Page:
Archive for April 2005

Unity

April 30, 2005

A couple of radio “personalities” in New Jersey seem to think that Asian Americans are not “real” Americans. Sammy and Taku have written their thoughts on the matter and they have expressed eloquently virtually anything I would have to say on the subject. Of course, I have already expressed my concern about racism, but that was almost a year ago. My views then–how people, without believing they are being malicious, can manifest racial sentiments–elicited responses that expressed attitudes that underscored my very concern; and not all of them were non-Asians. So it is not surprising that these New Jersey Radio guys said what they said. If well-intentioned folk don’t get it, then how the fuck are idiots going to get it.

But there was one thing that Sammy mentioned that was actually the topic of something I was going to write about last week but never got around to it: Why aren’t Asian Americans active in politics? Actually, my thought was more along the lines of: Why is it that Asian Americans–specifically East Asian Americans–don’t seem to wield any political clout.

This was the topic of a conversation I had with a former student of mine, a Korean American, now attending law school in the DC area, and we tentatively concluded–and I should stress that these conclusions are personal and anecdotal, based on personal observations with have no hard evidence to back it up–that Asian Americans don’t manifest poitical clout because we can’t unify. Of course, this begs the question, why…

I should write a paper on this–and perhaps you should too–but I think there are two basic reasons for this situation.

  1. History dies hard.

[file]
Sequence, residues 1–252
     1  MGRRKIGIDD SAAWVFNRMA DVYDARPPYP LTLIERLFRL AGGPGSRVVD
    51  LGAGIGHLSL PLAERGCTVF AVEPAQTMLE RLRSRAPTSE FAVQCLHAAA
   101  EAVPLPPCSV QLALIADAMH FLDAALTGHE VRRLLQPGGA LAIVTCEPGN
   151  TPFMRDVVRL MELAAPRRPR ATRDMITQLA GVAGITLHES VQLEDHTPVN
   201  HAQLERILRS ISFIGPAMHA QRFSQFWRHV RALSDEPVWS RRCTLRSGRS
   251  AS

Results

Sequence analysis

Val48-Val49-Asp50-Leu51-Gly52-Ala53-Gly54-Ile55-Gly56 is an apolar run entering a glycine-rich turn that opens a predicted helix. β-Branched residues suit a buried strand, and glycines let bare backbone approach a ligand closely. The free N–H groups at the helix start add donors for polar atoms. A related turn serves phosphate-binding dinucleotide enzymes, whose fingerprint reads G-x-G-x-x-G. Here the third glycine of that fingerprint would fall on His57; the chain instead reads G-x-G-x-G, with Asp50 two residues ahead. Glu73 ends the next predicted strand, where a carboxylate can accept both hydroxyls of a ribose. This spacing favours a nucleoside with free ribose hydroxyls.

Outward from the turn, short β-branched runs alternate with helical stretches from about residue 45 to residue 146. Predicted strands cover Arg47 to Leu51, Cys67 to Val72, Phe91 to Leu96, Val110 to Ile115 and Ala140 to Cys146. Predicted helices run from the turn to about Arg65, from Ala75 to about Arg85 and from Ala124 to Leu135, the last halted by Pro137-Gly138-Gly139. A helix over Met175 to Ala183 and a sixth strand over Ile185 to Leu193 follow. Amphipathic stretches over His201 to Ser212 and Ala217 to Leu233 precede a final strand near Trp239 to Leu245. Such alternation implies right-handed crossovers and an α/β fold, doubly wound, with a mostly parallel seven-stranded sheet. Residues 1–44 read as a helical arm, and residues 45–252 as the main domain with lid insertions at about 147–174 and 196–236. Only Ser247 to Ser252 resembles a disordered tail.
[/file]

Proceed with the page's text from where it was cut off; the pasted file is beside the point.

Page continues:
2. The lack of a shared “American experience” does not arouse empathy for each other, an important ingredient to solidarity.

First, the history and the resulting baggage each individual group often still carries prevents people from connecting at a significant level. I am an American of Japanese descent and am sometimes reminded by Korean Americans (KA) and Chinese Americans (ABC)–usually first or rarely second generations–that I still carry the sins of my fathers. Yes, the Japanese raped Nanking. Indeed, Japan colonized Korea. I recognize this and as an instructor of Japanese literature (and culture) I take every opportunity to relate this to my students as well. It is not a matter to be brushed aside and forgotten. But this has nothing to do with me personally. When I am reminded that my ancestors were guilty of these sins, I can’t help but think that those reminding me of this probably view me as “the other”, rather than someone with whom they feel a connection. Don’t get me wrong: These people are polite and very decent. There is nothing about them that suggests that they hate me or Japan (usually), but this attitude–you (your predecessors) injured us and I won’t let you forget it–is not conducive to solidarity.

Indeed, I never get this attitude here on Xanga–well maybe once or twice. As I have never been made to feel this way with other Asians. I can’t help but think that it is a reflection of the official stance still taken by the Chinese and Korean government, as the latest brouhaha over the most recent textbook controversy would illustrate. But as I said, this is usually expressed by first and, on rare occasions, second generations, and the number of these comments is generally declining.

And this is a good thing.